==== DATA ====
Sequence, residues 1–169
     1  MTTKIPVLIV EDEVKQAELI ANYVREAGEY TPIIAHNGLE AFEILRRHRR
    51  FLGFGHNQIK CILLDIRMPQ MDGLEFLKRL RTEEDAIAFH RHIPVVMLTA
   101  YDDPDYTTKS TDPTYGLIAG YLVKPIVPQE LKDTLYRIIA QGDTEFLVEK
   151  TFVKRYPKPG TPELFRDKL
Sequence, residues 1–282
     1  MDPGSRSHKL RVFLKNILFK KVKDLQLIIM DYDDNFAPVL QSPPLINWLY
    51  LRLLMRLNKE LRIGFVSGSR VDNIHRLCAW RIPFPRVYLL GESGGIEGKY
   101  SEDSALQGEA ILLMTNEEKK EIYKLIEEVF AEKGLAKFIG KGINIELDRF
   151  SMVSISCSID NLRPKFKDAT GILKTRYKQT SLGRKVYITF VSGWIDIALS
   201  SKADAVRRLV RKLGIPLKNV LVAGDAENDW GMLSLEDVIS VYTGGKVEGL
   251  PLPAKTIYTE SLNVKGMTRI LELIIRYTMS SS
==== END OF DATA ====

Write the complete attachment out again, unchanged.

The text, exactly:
Sequence, residues 1–169
     1  MTTKIPVLIV EDEVKQAELI ANYVREAGEY TPIIAHNGLE AFEILRRHRR
    51  FLGFGHNQIK CILLDIRMPQ MDGLEFLKRL RTEEDAIAFH RHIPVVMLTA
   101  YDDPDYTTKS TDPTYGLIAG YLVKPIVPQE LKDTLYRIIA QGDTEFLVEK
   151  TFVKRYPKPG TPELFRDKL
Sequence, residues 1–282
     1  MDPGSRSHKL RVFLKNILFK KVKDLQLIIM DYDDNFAPVL QSPPLINWLY
    51  LRLLMRLNKE LRIGFVSGSR VDNIHRLCAW RIPFPRVYLL GESGGIEGKY
   101  SEDSALQGEA ILLMTNEEKK EIYKLIEEVF AEKGLAKFIG KGINIELDRF
   151  SMVSISCSID NLRPKFKDAT GILKTRYKQT SLGRKVYITF VSGWIDIALS
   201  SKADAVRRLV RKLGIPLKNV LVAGDAENDW GMLSLEDVIS VYTGGKVEGL
   251  PLPAKTIYTE SLNVKGMTRI LELIIRYTMS SS